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## MTEL General Curriculum Mathematics Practice

 Question 1

#### How many of the figures pictured above have at least one line of reflective symmetry?

 A $$\large 1$$ B $$\large 2$$Hint: The ellipse has 2 lines of reflective symmetry (horizontal and vertical, through the center) and the triangle has 3. The other two figures have rotational symmetry, but not reflective symmetry. C $$\large 3$$ D $$\large 4$$Hint: All four have rotational symmetry, but not reflective symmetry.
Question 1 Explanation:
Topic: Analyze and apply geometric transformations (e.g., translations, rotations, reflections, dilations); relate them to concepts of symmetry, similarity, and congruence; and use these concepts to solve problems (Objective 0024).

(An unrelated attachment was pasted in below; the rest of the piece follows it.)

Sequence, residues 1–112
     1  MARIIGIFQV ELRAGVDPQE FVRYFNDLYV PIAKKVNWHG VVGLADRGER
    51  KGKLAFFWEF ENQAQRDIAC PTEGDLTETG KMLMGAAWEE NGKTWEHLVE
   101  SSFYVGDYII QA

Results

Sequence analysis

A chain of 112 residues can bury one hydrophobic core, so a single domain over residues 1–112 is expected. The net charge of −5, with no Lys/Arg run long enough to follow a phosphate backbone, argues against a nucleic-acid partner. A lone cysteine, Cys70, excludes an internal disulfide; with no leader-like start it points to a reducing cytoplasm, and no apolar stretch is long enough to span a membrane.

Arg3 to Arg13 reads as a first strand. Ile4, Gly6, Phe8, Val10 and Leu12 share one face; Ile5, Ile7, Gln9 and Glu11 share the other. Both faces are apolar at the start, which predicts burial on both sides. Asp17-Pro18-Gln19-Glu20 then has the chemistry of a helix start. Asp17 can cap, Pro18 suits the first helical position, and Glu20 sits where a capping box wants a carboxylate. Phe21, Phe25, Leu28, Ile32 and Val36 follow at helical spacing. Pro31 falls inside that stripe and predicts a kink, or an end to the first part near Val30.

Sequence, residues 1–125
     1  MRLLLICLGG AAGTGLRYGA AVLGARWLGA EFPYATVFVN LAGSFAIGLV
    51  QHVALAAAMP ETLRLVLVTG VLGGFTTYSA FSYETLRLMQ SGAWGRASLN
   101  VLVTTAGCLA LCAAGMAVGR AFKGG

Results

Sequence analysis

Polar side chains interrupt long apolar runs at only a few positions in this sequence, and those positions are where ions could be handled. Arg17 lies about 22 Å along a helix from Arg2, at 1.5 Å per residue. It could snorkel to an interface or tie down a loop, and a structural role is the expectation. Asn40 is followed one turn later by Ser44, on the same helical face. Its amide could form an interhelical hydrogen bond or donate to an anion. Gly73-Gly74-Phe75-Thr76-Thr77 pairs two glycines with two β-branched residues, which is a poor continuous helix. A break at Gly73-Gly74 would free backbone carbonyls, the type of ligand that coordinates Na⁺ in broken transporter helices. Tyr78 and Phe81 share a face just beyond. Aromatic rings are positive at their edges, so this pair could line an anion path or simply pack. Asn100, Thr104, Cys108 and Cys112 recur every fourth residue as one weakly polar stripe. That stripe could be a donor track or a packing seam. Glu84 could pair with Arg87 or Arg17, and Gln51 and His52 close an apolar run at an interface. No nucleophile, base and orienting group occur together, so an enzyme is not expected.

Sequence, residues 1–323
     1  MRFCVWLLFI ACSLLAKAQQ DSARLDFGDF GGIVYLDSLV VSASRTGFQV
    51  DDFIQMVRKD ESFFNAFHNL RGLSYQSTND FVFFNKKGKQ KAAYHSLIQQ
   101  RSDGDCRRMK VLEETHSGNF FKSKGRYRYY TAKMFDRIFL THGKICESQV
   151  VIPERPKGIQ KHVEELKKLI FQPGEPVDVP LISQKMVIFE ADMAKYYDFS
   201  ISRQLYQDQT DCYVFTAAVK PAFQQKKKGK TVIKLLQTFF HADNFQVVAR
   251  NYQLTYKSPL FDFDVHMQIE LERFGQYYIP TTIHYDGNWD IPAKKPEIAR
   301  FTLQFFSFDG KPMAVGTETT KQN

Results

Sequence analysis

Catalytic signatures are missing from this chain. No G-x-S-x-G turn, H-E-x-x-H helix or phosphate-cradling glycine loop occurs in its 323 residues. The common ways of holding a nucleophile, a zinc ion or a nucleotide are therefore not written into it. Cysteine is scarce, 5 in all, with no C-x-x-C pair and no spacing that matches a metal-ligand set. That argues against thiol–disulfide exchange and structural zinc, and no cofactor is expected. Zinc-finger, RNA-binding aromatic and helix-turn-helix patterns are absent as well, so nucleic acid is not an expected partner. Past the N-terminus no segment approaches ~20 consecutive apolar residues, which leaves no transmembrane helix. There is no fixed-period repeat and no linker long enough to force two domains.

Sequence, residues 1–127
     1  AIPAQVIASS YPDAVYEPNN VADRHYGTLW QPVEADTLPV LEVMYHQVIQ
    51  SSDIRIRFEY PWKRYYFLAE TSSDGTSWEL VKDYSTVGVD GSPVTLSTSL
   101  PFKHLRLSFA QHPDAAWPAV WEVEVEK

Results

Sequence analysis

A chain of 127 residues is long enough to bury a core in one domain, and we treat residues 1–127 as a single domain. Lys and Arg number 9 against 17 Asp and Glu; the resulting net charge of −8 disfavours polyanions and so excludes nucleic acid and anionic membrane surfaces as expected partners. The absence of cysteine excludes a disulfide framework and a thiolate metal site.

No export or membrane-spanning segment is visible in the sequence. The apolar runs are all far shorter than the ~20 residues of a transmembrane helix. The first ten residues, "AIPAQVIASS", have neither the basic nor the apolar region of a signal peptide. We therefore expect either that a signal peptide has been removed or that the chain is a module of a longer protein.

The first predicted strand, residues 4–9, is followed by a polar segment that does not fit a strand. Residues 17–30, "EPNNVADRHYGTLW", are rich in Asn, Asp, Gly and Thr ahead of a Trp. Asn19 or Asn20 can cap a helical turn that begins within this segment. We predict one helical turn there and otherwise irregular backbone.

Question 2

#### What was the mean score on the quiz?

 A $$\large 2.75$$Hint: There were 20 students who took the quiz. Total points earned: $$2 \times 1+6 \times 2+ 7\times 3+5 \times 4=55$$, and 55/20 = 2.75. B $$\large 2$$Hint: How many students are there total? Did you count them all? C $$\large 3$$Hint: How many students are there total? Did you count them all? Be sure you're finding the mean, not the median or the mode. D $$\large 2.5$$Hint: How many students are there total? Did you count them all? Don't just take the mean of 1, 2, 3, 4 -- you have to weight them properly.
Question 2 Explanation:
Topics: Analyze and interpret various graphic representations, and use measures of central tendency (e.g., mean, median, mode) and spread to describe and interpret real-world data (Objective 0025).
 Question 3

#### What is the length of side $$\overline{BD}$$ in the triangle below, where $$\angle DBA$$ is a right angle?

 A $$\large 1$$Hint: Use the Pythagorean Theorem. B $$\large \sqrt{5}$$Hint: $$2^2+e^2=3^2$$ or $$4+e^2=9;e^2=5; e=\sqrt{5}$$. C $$\large \sqrt{13}$$Hint: e is not the hypotenuse. D $$\large 5$$Hint: Use the Pythagorean Theorem.
Question 3 Explanation: